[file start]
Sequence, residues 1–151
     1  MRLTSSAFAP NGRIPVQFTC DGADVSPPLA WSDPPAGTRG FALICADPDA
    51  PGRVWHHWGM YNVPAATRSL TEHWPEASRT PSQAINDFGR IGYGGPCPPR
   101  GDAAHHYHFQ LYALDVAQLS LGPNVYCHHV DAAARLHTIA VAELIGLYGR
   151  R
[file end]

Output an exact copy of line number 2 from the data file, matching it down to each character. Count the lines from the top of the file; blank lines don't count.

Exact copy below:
     1  MRLTSSAFAP NGRIPVQFTC DGADVSPPLA WSDPPAGTRG FALICADPDA